FoodLink - Purdue Extension


Pyrus communis
Available from August to January


There are ten common types of pears in the United States.

Green Anjou: This is a widely recognized type in the United States. It also is the most abundant and can be found almost year round. They do not change color when they ripen. Great for any use.

Red Anjou: Fruit have the same taste and texture as green anjou and are used in same ways. They add vibrant colors to dishes.

Bartlett: Fruit have a rounded bell bottom and narrow and smaller toward the neck. You often buy them green from grocers, and then ripen them at home. They turn yellow when ripe. 

Red Bartlett -  The summer pear, known for its floral fragrance.  Skin color brightens as it ripens, just like the yellow bartlett pear.  

Bosc - Unique for their color which is warm-brown and russeting covers some or all of the pear.  This pear is sweet, juicy before its fully rlpened.

Comice - Sweetest and juiciest of all pears. Rounded with short neck, known as the Christmas Pear.

Concorde: These fruit are best identified by their long necks that almost come to a point with stems so long they curve over. They have yellow-green skin with dense flesh that is juicy and sweet.

Seckel: This tiny pear has chubby, round body and a short stem. The skin is olive-green and, at times, looks maroon.

Forelle: Fruit have a bell-shaped, symmetrical body and short neck. The flesh is moist and crisp and has red lenticles, or freckles. It is a snacking pear with a sweet flavor. 

Starkrimson: These fruit are crimson red and have thick stems. They are mild, sweet, juicy, and great for salads or snacking.


Pears can be eaten raw and cooked.  

To Peel: Use a vegetable/fruit peeler. Start at the top of the pear and peel down until you remove all the skin.

To Core: Slice the pear in half lenghtwise, and then cut out the core.  

Bake: Heat the oven to 350°F. Peel and cut two large pears in half. Remove the stems and cores. In a bowl, whisk together one tablespoon unsalted butter, a teaspoon of vanilla extract, 1/2 teaspoon ground cinnamon, and a teaspoon of butter for the baking dish. Brush pears with this mixture cut side down for 30 minutes on each side.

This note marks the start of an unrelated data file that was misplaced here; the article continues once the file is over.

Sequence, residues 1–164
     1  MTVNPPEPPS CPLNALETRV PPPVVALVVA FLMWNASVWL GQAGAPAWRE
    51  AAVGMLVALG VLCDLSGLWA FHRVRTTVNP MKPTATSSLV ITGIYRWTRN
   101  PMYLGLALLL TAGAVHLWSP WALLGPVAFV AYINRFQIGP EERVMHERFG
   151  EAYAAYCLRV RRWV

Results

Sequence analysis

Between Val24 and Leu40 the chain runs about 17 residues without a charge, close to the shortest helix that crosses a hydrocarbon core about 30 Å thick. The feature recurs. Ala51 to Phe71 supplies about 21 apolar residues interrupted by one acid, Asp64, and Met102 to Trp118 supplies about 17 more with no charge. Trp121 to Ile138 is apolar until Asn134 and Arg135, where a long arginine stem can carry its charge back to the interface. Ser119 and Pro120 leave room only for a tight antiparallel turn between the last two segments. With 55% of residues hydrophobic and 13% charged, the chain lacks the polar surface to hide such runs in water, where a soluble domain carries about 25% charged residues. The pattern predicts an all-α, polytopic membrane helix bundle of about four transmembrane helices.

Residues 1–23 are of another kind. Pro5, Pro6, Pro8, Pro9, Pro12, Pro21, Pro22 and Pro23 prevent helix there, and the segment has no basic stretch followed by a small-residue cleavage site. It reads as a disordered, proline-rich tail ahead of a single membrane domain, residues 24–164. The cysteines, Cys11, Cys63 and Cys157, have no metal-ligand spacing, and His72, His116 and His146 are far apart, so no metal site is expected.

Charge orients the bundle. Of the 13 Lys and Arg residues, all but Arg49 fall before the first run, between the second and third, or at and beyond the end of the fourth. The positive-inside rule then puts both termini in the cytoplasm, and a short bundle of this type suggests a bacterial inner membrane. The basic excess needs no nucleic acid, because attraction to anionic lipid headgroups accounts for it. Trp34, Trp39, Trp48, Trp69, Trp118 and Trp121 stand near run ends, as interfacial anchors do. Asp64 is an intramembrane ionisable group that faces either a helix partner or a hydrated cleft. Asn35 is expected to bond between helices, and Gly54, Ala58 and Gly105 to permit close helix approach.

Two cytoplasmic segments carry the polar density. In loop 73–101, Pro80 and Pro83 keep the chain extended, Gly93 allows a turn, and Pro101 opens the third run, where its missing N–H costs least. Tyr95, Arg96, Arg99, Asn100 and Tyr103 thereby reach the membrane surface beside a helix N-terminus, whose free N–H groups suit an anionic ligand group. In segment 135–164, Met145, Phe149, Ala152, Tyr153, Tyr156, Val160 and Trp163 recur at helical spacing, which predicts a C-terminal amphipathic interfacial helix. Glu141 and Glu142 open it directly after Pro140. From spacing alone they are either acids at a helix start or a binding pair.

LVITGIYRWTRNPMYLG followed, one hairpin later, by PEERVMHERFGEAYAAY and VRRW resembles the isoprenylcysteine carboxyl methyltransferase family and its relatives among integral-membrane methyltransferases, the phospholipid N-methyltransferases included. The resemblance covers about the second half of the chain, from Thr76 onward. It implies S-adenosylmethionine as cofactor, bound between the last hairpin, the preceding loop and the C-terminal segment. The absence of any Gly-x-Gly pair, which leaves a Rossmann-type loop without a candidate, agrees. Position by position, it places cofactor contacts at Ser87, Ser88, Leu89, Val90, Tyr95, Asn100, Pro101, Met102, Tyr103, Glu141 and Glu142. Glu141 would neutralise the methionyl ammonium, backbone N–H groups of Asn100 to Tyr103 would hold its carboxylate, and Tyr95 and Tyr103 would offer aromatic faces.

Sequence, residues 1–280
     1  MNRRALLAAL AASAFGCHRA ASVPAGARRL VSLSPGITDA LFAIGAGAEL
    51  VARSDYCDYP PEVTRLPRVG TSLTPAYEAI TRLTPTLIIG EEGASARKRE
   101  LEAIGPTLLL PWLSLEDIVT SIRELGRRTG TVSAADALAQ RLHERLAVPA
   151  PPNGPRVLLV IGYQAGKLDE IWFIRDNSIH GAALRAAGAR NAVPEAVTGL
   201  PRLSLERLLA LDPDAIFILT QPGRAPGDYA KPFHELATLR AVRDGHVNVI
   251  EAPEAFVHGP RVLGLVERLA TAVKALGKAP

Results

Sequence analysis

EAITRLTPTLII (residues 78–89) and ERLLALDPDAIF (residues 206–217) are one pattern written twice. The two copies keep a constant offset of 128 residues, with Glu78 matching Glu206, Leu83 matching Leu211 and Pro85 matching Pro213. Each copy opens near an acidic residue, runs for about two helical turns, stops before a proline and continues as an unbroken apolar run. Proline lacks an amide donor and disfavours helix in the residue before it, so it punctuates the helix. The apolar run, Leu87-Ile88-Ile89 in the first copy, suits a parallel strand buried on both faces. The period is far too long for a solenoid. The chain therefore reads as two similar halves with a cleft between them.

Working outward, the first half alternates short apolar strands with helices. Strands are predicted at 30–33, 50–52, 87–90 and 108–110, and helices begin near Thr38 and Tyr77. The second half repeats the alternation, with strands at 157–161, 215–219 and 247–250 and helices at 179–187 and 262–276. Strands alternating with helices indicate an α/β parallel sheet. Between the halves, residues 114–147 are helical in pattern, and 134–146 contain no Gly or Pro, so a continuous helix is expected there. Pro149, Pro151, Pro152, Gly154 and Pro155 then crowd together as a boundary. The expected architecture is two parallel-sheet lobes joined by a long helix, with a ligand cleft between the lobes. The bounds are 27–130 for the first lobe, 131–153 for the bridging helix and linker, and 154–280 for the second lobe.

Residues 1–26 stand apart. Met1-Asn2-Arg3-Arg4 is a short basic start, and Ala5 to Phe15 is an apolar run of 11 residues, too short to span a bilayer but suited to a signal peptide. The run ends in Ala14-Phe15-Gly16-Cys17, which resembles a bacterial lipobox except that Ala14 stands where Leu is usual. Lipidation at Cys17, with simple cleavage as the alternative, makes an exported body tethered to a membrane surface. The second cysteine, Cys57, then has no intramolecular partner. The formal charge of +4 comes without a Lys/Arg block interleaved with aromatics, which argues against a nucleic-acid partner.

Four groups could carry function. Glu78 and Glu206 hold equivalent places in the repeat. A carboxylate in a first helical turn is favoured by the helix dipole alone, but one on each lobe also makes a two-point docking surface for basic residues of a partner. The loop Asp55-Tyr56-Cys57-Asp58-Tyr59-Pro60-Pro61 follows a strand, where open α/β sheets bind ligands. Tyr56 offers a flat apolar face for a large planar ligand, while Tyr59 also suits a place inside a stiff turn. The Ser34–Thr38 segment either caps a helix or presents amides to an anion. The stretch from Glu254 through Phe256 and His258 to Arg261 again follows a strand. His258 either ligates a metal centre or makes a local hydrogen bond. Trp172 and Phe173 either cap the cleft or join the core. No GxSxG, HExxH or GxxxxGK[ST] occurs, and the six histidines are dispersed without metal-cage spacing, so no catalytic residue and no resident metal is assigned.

Short-Term Storage

Store pears at room temperature. Pears do not ripen on the tree. Once the pear ripens, its ready to eat. To slow down ripening, place it in refrigerator for up to five days. Never refridgerate an unripe pear.  Pears can be stored at room temperature for 1-4 days after ripe.

Long-Term Storage

Pears are great for canning and winter recipes for a fresh summer taste. They can also be dried.

Learn more about canning and freezing pears.

Learn more about canning pears.

Learn more about freezing pears.

Learn more about drying fruits and vegetables.

Quick Fact Sources

Pears have been cultivated for nearly 4,000 years.

Nutrition Information

Serving Size

1 Medium Pear (178g)







% Daily Value

Total Calories




1 g





Dietary Fiber



Total Sugars



Total Fat



Saturated Fat













 16 mg



2 mg



 0 mg








Vitamin A

 2 ug


Vitamin C

 8 mg








Food Safety Tips

Always keep fresh produce away from raw meat and raw meat juices to avoid cross-contamination.

Follow the safe food guidelines for all fresh produce.

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